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1 of 1 people found the following review helpful By mandolynn on June 30, 2004
Format: Paperback
i am a long time fan of b's work. when i heard on wd that he wrote a book, i was like 'YES!! I HAVE TO GET IT!!!' it was a million times better than i expected (and i had high expectations, which makes it really really good!! if that makes ANY SENSE WHAT-SO-EVER.)
but yeah, the book was absolutely wonderful and it sits in the drawer under my bed so i can quickly get to it and read. the characters are very vivid and the imagination was awesome. there were some parts that i didn't understand, but they were later explained, and i liked that element of the story. I do love the ending also, its just so...unreal. i love it.
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1 of 1 people found the following review helpful By Curtis E Bunch on July 24, 2003
Format: Paperback
Following lead character Brooks White through his pursuit of a girl some would say is too good for him does not come across as the teen targeted, Kmart shelf paperback that any quickie summarizations may make it sound. In reality, the book is a labor of love for many things... God, grilled cheese sandwiches, crappy little import sedans, professional wrestling and, of course, a girl.
The author's natural ability to convey the humor in what are trying times for the characters he so beautifully paints does not overshadow the serious situations they wind up in or the heart wrenching lessons they learn along the way. Truly possessing a gift for bringing the surreal to the ordinary, Stroud tells a heartfelt story that in the end is not about a girl; rather, we are shown the growing up of a handful of bright, troubled young people.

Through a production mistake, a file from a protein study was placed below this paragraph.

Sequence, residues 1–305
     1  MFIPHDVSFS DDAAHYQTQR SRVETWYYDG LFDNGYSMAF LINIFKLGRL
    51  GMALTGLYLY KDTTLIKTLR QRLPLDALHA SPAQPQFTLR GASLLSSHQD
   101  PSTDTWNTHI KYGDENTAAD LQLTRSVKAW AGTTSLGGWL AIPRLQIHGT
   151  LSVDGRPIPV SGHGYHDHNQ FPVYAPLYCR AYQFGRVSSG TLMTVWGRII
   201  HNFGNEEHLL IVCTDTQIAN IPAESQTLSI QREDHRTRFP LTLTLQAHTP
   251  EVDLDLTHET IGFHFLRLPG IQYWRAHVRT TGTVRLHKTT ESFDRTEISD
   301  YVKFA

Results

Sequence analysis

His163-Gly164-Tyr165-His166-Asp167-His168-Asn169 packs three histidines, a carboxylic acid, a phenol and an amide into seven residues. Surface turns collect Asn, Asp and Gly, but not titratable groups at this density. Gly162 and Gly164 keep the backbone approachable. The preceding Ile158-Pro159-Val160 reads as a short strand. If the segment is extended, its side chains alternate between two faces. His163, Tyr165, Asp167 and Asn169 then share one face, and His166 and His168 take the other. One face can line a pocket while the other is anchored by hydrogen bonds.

The pacing is perfect, the characters are well developed (even those on the side), and I can't think of anything else to say aside from this; buy it, settle in for the night and get to reading, as it is one of the best impressions a first time author could hope to make.
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3 of 4 people found the following review helpful By Noelle on June 8, 2003
Format: Paperback
Amazingly creative. This book has some of the dumbest and sweetest jokes and moments I've ever read, especially in something this intelligent. Having read much of the authors previous works online I was prepared for something unique, but nothing on the level of Seven Hill City. The story has an iridescent skin covering fragile insides. Sometimes I reread a joke and can feel the pain, love, and honest motivations beneath the surface. I have never been to Central Virginia nor have I been raised to be religious, but b. thompson stroud lets even readers like myself know what it means to love your town or your God without pushing it down my throat or trivializing the differences between people.
In fact, the people are what make this story so fantastic. The main three characters are like little onions with layers that show up strongly during a reading, and make you cry on the reread. The supporting cast is absolutely unforgettable, from the grocery store patrons and employees to Saint Peter; from Jesus Christ himself to a Women's Studies professor who doesn't know anything about women. They all become people you know, people you wish you knew, people you'd love to hug or punch in the face. I also want to applaud Stroud for depicting an Asian-American person in a way that I could identify with, as someone completely normal, for once. Japanese girls are either violent stereotypes (school girls, math wizards, geishas, or with cat ears) or blatantly against type. Women are women first and the shape of their eyes second. Someone finally got it right.
Nothing in the book is trivialized. Nothing is taken for granted. Everything matters. No moment goes by casually. No moment.